Is the ALP oligarchic rather than democratic? Is it a wholly-owned subsidiary of the trade union movement? If the answer to both questions is “yes”, it condemns the party to dependence on a contracting base. To borrow the language of philosophers, the close relationship of the trade unions and the ALP is a necessary condition, but not sufficient. Labor needs six million votes to win a federal election: trade unionists (1.8 million) and their families are not enough.
For nearly 60 years trade unionists have been a contracting proportion of the labour force: the high point was in 1954. Trade unionists now comprise 18% of workers – and the figure continues to fall. Factions within the party are controlled not by the workers themselves (a significant number of unionists don’t vote Labor anyway, and the number of union members who actually join ALP branches is embarrassingly small) but by trade union officials – people who often become beneficiaries of Labor’s patronage system, receiving endorsements for safe seats.
Senator Stephen Conroy’s attack on the introduction of democratic practice in electing a party leader as a “farce” is entirely understandable. Converting the ALP from an oligarchy to a democracy would damage – if not destroy – the power of the factions. If large numbers of people vote in a ballot, the capacity of a factional powerbroker to determine a preselection outcome by bringing in two or three busloads of puzzled people from an ethnic sporting club or some other special interest group is threatened.
The only direct election in which all ALP branch members have been entitled to vote so far has been for the office of national president (and the senior and junior vice presidents), a system introduced in 2003.
Curiously, although it is taken as axiomatic that the Right faction dominates National Conference and the caucus in Canberra and most, if not all states, the Right has consistently polled very badly – they have never come first in a national president contest, confirming that it has little support among branch members, even in NSW.
Oddly, this has never been picked up, to my knowledge, by the political commentariat.
The ALP is fortunate to have two strong candidates for the leadership, with complementary skills, capable of mutual trust and able to work with each other. Both are committed to ending the toxic factional and sub-factional activities which have damaged the radical cause and prevented serious examination of policy.
It is already clear that the process of global warming, to which human activity plays an important (but not the only) role, may well be irreversible. 2013 is on track to be the hottest year since systematic global records have been kept.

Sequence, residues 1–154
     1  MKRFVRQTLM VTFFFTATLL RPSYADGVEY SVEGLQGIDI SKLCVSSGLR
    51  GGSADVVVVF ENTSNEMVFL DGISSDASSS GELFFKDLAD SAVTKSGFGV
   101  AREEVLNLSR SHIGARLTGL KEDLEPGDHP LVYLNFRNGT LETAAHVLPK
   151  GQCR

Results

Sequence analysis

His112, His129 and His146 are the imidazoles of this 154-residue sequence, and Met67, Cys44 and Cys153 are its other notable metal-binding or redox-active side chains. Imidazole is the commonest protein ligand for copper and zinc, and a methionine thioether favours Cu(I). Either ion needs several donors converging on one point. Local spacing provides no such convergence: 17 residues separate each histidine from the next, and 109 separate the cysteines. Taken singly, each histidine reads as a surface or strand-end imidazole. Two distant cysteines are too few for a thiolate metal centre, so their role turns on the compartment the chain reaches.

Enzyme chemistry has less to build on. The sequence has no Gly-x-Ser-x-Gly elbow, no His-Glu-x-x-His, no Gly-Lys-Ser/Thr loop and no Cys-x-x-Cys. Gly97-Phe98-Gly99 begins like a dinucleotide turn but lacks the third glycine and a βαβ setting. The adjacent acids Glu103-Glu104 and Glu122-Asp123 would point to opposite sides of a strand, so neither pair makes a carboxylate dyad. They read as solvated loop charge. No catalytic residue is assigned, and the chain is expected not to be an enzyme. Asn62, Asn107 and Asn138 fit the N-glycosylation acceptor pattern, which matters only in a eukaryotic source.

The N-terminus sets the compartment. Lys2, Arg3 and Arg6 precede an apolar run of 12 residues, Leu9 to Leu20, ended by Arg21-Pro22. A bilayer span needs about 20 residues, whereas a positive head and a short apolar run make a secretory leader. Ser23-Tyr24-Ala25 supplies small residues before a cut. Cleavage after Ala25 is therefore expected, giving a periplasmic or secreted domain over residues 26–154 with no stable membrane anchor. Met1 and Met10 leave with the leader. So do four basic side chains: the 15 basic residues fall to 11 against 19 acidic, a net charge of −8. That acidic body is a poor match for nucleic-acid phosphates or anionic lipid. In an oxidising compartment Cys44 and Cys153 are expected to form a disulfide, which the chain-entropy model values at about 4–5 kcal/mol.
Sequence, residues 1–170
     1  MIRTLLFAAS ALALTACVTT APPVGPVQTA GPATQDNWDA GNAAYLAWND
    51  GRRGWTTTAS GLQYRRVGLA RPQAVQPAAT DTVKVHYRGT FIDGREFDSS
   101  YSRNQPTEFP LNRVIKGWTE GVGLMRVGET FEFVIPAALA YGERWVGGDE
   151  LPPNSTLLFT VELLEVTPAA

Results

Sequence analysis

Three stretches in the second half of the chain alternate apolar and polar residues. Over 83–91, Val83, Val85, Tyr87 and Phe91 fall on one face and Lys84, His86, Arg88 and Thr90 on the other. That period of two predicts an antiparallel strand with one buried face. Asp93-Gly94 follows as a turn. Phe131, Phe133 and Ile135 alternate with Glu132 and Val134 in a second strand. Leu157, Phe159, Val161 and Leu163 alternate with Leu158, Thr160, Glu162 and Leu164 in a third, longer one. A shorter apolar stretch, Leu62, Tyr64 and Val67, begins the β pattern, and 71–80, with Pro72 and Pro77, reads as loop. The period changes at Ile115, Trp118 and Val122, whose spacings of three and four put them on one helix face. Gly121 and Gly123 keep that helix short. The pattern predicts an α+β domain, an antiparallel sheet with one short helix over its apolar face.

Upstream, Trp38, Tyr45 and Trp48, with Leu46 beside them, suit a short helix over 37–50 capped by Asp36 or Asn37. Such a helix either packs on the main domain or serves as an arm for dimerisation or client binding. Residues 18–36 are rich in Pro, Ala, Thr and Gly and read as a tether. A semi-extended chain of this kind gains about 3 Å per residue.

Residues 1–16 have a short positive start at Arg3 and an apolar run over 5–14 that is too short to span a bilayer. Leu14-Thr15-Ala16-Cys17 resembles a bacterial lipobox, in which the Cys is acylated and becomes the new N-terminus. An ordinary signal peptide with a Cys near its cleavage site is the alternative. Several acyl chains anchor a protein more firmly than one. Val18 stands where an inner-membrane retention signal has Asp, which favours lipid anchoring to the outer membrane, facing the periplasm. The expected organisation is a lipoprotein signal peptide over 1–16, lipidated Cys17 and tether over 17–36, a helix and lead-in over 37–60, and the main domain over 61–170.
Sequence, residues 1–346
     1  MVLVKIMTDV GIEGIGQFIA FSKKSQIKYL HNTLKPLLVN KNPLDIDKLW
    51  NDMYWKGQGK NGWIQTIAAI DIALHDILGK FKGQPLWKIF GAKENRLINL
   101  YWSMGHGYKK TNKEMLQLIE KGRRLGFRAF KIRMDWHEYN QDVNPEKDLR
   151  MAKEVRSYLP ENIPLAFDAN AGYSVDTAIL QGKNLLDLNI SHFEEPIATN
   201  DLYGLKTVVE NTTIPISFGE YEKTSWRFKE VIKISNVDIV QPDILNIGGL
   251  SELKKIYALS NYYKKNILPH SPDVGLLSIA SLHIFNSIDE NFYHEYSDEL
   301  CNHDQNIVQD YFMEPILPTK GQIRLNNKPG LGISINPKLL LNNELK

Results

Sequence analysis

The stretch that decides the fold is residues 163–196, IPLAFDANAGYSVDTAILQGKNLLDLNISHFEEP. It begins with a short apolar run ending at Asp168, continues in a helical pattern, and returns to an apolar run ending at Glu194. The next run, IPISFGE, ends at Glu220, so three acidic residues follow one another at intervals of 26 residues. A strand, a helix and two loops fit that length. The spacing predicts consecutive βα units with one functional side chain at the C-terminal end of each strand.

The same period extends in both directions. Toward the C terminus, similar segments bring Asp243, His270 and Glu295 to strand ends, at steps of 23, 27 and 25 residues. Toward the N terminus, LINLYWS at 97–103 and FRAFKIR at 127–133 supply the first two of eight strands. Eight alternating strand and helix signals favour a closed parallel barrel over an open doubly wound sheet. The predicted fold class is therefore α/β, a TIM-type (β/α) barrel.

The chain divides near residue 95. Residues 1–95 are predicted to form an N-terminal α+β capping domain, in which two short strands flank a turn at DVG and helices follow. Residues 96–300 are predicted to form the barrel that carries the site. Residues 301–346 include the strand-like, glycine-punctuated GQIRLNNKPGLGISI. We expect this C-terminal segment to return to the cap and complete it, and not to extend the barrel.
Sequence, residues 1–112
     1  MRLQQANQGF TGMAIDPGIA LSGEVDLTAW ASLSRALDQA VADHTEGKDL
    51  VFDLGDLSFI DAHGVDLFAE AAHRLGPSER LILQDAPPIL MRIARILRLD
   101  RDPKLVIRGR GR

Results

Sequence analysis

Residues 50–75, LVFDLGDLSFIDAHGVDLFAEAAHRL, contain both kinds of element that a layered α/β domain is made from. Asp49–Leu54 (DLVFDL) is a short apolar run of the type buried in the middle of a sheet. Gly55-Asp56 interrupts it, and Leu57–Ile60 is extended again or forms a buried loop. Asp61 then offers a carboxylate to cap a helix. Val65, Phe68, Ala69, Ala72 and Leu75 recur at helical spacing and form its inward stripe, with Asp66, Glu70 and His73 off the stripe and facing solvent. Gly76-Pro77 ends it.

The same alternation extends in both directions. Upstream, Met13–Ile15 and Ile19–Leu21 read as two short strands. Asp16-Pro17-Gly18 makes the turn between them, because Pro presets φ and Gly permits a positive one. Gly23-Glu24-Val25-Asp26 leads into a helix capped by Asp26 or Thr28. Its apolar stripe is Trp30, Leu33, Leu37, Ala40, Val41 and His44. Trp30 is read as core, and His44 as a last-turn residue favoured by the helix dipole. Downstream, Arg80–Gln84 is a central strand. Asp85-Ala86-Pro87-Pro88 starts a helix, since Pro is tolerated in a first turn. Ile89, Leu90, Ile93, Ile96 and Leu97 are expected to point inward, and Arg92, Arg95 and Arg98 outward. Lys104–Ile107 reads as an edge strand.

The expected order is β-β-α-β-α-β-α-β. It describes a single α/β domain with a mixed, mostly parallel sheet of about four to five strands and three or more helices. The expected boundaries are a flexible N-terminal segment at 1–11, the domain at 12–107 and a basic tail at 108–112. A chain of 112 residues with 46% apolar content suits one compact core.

In 2007, Kevin Rudd referred to climate change as the “greatest moral, economic and social challenge of our time”. Morgan polls indicated that in 2008, 35% of Australians nominated the environment as a major issue: by 2013 this has fallen to 8%. After the carbon pricing legislation was carried, Labor failed to keep explaining the significance of environmental issues, especially global warming.
Tony Abbott’s relentless negativity on the issue (this “toxic” tax), dismissing the science as “crap”, strongly supported by the Murdoch papers and NSW shock jocks, went essentially unquestioned, and became a default position.
During the campaign, climate change was dismissed in a few passing sentences – for example by Rudd on the ABC’s Q&A, essentially as if carbon pricing or the emissions trading scheme measures were all about promoting clean air and clean energy. There were no references to the role of “greenhouse gases” in trapping and retaining heat, and their impact on climate change and extreme weather events.
Scientific method, rational analysis and the evaluation of evidence has been a central factor in defining western society and culture since the 18th century, and these skills can be or should be applied to a variety of disciplines – politics, law, economics, social sciences, health. Scientists have come under unprecedented and damaging attack arising from the climate change controversy.
It is essential to distinguish between scientific scepticism (a central element in testing evidence, for example Karl Popper’s falsifiability test) and cynicism (dismissing evidence, however compelling, to promote confusion, inaction or vested interest).
The outgoing government made no attempt to grapple with the science involved in the issue and to explain the long-term implications of a two or three degree increase in global temperatures. As one of the world’s largest greenhouse gas producers per capita, we need to lead by example internationally by changing our patterns of consumption. Planning for an economy which is less dependent on fossil fuels could create many new jobs and expand research capacity.
There was always an internal contradiction about why carbon pricing was imposed. The message was that it was intended to reduce consumption and move away from fossil fuels. Providing a compensation package seemed to repudiate the key message: “change consumption patterns”. Tony Abbott’s promise to end carbon pricing while retaining the compensation package confirms that he is no economic rationalist.
It was mystifying that the Gillard government appointed a Minister for Climate Change (Greg Combet) who represented a coal mining seat. Imagine if Tony Abbott appointed a health minister elected by sugar or tobacco-growing areas in Queensland. It is hardly surprising that Combet never confronted his constituents to say: “we have to start planning for a post-carbon future and coal must be phased out”.
It would be just as odd to have a vegetarian as Minister for Agriculture, a pacifist as Minister for Defence or a climate change sceptic as Minister for Science.
This article was first published by The Conversation. It is drawn in part from “Virtue and Vexation – the 2013 Election Campaign”, a conversation with Archbishop Philip Freier and former Senator Judith Troeth, held at The Deakin Edge, Melbourne, September 11, 2013.